Lexicographer (and jazzman) Peter Sokolowski (Time called his one of the 140 Best Twitter Feeds of 2013!) invited me to a talk he gave this evening on the UMass Amherst campus, just five minutes’ drive from here (though we allowed half an hour lead time for snowy roads and unfamiliar geography, and needed every bit of it); as the announcement put it, “His talk, ‘The Dictionary as Data’ examines not only the transition of dictionaries from print to digital, but also what we have learned about English from having over a billion words looked up per year on the Merriam-Webster web site.” It was fascinating, as you might imagine — not only is the topic intrinsically interesting to anyone who cares about words and dictionaries, but he had wonderful stories about discovering there had been a sudden spike in look-ups of some unexpected word and trying to find out why. Usually it turned out to be a news story that was easily found on the internet (when Michael Jackson died, everybody and his brother looked up “emaciated”), but once it was a word used on a TV show that a lot of people were watching but that left not a trace online. Peter is a wonderful speaker, and it’s no wonder M-W has him doing their Ask the Editor videos (here he is, for example, on “hopefully”).
However, I wanted to take mild issue with a couple of things he said, and since I didn’t get a chance in the Q&A afterwards I figured I’d do so here. One was when he said (in the context of Bill O’Reilly’s use of uncommon words) that snollygoster (“A shrewd, self-interested but unprincipled person”) was “one of the rare words dropped from the Collegiate.” Now, as a professional editor I have used the Merriam-Webster Collegiate for over a quarter of a century (I have copies of the last four editions), and one of my little hobbies when a new edition comes out is to go through a few pages comparing them with the corresponding section of the previous one to see what’s in and what’s out, and (as is only logical) there are quite a few words dropped each time. If that weren’t the case, the Collegiate would be almost as fat as the Unabridged (though it does get a bit bigger each time; the eighth edition had 1,568 pages, the eleventh has 1,664). [As des von bladet points out in the comments, “one of the rare words dropped” probably means that the words that are dropped are not often used, rather than (as I took it) that words are rarely dropped from the Collegiate; my apologies to Peter for my misunderstanding, assuming that’s what it was!]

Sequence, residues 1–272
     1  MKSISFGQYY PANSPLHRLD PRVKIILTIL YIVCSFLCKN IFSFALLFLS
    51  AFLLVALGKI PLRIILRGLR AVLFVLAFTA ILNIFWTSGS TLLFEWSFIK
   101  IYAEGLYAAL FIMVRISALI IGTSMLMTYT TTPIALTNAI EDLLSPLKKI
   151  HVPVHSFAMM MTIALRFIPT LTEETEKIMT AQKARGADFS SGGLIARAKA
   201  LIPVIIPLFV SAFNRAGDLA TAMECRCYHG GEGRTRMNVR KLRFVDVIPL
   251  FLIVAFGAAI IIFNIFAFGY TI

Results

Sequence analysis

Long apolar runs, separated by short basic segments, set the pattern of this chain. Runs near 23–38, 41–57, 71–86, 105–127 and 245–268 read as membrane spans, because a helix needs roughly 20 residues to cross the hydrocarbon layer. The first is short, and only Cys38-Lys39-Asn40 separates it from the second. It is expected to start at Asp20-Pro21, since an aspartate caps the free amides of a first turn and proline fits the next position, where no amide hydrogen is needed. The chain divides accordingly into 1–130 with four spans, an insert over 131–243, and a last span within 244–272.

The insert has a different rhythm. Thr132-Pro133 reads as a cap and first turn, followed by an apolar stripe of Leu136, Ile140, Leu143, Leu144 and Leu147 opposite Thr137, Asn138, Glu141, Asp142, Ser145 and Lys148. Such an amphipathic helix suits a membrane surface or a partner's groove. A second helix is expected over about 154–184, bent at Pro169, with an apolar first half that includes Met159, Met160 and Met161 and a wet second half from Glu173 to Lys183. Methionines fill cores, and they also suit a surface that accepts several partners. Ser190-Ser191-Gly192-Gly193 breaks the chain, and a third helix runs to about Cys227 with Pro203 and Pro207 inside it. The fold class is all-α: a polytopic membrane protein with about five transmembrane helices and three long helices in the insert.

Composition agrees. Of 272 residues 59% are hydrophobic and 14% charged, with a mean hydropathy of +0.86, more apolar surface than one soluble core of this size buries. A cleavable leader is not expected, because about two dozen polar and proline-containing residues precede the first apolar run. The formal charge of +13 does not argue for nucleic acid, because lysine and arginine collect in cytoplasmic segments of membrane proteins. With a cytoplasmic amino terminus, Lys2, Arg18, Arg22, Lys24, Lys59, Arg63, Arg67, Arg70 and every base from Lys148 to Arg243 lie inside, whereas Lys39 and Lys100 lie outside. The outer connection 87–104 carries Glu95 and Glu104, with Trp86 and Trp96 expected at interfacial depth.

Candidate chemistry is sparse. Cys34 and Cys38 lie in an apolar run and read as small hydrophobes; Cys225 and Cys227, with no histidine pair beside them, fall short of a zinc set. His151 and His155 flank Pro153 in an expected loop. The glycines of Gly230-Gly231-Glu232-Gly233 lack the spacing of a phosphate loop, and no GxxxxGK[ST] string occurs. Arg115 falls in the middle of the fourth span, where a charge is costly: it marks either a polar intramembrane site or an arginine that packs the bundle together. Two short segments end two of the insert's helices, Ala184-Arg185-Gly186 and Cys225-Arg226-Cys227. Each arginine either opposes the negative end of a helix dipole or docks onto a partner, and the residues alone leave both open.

I’m sure he’d agree with me on that; he wouldn’t agree on this next point, and neither (I presume) would any other M-W editor, but I insist that their hallowed tradition of putting the senses in chronological order is a bad one and should be dropped. He made a point of saying how nice it was to see the historical progression, and yes, that is nice — as a lover of word histories, that’s exactly the sort of thing I want to know. But most people are not lovers of word histories, they just want to know what a word means, and they assume that the first definition the dictionary gives is the main one and often don’t bother with any of the others. Don’t take my word for it; go ask a random sample of people. I have had to explain how this works to professional editors, never mind laymen; people simply don’t read the prefaces to dictionaries, and they don’t care about how Noah Webster or Philip Gove did it. If you want your dictionary to be the great democratic institution it can be, you need to aim it at the average user, not the aficionado of lexicography. If people want more word history than they get in the etymology, well, that’s what the OED is for.
Update. I’m pleased (and astonished!) to report that M-W is changing its position on word order; Peter wrote me:
And about the word order: it’s already changed as you indicate in the new work ongoing for the Unabridged online. Going forward, that’s the way we’ll do things. This is already the policy in the most recently edited M-W dictionary, the Learner’s (check out the definitions at learnersdictionary.com). For the Unabridged, when the word’s date refers to a sense that is not the first one, the oldest sense will be listed in parenthesis.
Changing the Unabridged and Collegiate will take some time, but that is our ultimate goal.
The most useful U.S. dictionary is getting even more useful!